Bangladesh to achieve 6.8pc GDP growth in FY17: WB
Published : 16 Apr 2017, 17:56
Bangladesh will achieve 6.8 percent GDP growth in 2016-17 financial year (FY17), predicts the World Bank (WB).
"Growth will be sustained at 6.8 percent in 2017. The economy in Bangladesh has weathered global uncertainties well aided by strengthening investment and a recovery of exports," the WB said in its twice-a-year report in the South Asia Economic Focus, said a press release here today.
The report titled "Globalization Backlash" observed that infrastructure gaps and inadequate energy supply, combined with the high cost of doing business, remain the main obstacles to the realization of Bangladesh's growth potential.
The report also forecast that Bangladesh's GDP growth will stand at 6.4 percent in FY18 and 6.7 percent in FY 19.
The report, however, confirmed that South Asia remains the fastest-growing region in the world, gradually widening its lead relative to East Asia.
"Regional GDP growth is expected to rise from 6.7 percent in 2016 to 6.8 percent in 2017, and 7.1 percent in 2018," the report added.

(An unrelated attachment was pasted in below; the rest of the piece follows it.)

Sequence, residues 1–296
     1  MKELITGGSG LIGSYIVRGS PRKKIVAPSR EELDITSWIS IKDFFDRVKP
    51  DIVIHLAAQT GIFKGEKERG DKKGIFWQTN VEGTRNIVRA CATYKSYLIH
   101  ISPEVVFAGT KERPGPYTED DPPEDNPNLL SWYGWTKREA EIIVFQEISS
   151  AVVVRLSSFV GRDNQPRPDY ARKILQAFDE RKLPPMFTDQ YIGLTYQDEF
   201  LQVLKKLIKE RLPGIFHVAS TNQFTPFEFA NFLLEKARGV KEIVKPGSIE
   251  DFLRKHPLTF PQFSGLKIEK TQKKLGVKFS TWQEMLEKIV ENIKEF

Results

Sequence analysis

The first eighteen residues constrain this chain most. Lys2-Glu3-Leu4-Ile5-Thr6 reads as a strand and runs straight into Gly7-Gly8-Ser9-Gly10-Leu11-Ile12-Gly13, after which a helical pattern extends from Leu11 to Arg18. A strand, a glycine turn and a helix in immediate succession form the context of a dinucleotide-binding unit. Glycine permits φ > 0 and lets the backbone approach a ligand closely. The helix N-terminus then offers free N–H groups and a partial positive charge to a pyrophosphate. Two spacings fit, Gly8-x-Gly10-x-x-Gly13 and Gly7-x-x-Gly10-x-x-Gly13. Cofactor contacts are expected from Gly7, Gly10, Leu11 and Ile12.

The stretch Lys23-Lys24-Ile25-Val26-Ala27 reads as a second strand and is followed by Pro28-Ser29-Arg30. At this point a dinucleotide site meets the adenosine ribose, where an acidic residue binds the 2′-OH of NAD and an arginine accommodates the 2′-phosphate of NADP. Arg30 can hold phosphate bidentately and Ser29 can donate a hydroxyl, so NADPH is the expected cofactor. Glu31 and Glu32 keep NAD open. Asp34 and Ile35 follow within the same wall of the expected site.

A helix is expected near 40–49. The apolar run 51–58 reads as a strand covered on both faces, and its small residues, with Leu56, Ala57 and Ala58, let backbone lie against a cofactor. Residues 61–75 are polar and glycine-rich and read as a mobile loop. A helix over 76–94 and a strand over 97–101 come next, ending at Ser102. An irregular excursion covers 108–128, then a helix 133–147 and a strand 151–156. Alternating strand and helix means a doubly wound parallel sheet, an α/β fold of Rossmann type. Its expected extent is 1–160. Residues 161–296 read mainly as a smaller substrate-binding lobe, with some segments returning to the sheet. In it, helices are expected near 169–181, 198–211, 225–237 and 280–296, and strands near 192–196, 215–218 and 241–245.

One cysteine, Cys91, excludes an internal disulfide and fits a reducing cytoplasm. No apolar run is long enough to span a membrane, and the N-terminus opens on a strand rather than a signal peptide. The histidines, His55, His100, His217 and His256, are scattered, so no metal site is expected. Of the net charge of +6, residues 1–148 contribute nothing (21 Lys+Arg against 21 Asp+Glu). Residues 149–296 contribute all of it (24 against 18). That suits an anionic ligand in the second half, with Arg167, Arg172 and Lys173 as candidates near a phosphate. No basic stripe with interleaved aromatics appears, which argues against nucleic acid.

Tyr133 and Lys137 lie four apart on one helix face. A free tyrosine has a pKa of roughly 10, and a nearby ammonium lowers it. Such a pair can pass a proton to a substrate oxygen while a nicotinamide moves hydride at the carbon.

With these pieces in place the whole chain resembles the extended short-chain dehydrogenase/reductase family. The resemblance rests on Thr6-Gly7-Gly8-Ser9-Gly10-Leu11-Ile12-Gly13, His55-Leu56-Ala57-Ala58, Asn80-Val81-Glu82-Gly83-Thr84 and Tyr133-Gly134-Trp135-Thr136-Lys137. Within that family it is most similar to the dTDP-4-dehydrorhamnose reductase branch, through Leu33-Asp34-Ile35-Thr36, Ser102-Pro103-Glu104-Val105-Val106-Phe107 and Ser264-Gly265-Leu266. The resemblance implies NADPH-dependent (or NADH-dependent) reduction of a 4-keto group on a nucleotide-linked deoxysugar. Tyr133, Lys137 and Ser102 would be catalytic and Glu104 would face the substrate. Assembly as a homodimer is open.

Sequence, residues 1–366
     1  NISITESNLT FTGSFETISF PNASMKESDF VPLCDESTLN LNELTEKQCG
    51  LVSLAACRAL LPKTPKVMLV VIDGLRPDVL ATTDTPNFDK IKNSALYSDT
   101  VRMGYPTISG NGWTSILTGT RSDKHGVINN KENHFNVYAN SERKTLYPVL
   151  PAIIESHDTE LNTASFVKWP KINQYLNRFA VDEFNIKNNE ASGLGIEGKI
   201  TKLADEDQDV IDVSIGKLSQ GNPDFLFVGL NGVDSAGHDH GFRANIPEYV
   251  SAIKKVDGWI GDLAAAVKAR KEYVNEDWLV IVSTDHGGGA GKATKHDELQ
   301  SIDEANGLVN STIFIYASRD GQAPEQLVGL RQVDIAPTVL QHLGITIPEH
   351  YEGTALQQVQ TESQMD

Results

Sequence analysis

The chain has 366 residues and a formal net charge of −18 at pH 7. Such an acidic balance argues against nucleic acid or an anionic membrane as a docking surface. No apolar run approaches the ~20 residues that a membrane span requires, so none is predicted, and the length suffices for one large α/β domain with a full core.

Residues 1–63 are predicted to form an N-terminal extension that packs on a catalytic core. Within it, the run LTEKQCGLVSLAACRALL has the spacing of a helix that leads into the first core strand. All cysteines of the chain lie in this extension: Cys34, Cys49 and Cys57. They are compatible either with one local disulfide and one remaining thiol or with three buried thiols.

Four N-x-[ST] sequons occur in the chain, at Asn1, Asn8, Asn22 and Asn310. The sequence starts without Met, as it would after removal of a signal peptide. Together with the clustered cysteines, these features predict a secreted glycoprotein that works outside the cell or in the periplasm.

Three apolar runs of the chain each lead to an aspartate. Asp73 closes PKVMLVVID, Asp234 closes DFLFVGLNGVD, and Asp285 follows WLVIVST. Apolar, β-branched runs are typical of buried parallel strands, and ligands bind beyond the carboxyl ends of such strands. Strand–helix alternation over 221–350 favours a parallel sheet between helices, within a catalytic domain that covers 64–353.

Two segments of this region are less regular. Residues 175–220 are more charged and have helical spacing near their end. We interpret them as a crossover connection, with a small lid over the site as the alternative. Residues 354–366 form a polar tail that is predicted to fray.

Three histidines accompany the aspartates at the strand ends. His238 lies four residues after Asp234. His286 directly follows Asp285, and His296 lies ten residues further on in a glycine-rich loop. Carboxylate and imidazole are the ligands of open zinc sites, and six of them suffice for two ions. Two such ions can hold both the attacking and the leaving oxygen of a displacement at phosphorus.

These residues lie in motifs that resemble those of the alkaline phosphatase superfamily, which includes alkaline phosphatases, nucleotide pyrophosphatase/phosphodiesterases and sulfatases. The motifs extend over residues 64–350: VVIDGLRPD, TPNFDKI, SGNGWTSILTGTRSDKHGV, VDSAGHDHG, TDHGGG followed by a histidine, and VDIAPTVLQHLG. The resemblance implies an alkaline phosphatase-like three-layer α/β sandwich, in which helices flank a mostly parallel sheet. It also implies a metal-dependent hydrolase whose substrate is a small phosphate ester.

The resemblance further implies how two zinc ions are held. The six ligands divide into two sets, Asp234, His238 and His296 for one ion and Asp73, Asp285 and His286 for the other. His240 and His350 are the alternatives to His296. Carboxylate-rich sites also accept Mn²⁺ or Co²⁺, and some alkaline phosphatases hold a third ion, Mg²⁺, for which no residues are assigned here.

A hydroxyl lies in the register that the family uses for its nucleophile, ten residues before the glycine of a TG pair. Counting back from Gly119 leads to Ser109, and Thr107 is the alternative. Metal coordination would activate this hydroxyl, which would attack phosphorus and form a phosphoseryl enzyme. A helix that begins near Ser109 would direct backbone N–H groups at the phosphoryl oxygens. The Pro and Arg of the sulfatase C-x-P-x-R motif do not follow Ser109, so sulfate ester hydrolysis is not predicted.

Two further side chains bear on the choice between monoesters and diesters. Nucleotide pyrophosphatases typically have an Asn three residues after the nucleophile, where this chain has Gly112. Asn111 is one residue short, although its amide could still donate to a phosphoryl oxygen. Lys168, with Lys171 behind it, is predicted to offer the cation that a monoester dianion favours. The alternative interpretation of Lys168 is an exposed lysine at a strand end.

It claimed that global integration has been good for economic development and poverty reduction. But the region would be resilient to higher trade barriers in advanced economies.
"It would even stand to gain if selective protectionism resulted in trade diversion away from established suppliers. South Asian economies also stand to gain from the observed recovery in advanced economies, which are their largest export markets," said the report.
The report quoted WB's South Asia Region Chief Economist Martin Rama as saying: "To make the most of this export opportunity, countries in the region should continue to focus on polices that promote economic growth."
He said, "A survey of South Asian experts conducted for this report reveals a strong consensus on the need to promote human capital accumulation, investments in infrastructure, and a more business-friendly environment."
South Asia Region Vice President Annette Dixon said "Simulations on the impact of hypothetical new trade barriers show that South Asia is not only resilient to a potential rise in protectionism but could possibly even gain from it in some circumstances."
"Advanced economies are recovering and could see faster growth that will likely increase demand for South Asian product," Dixon said, adding: "The region should seize this opportunity to diversify its exports and enhance its supply response."
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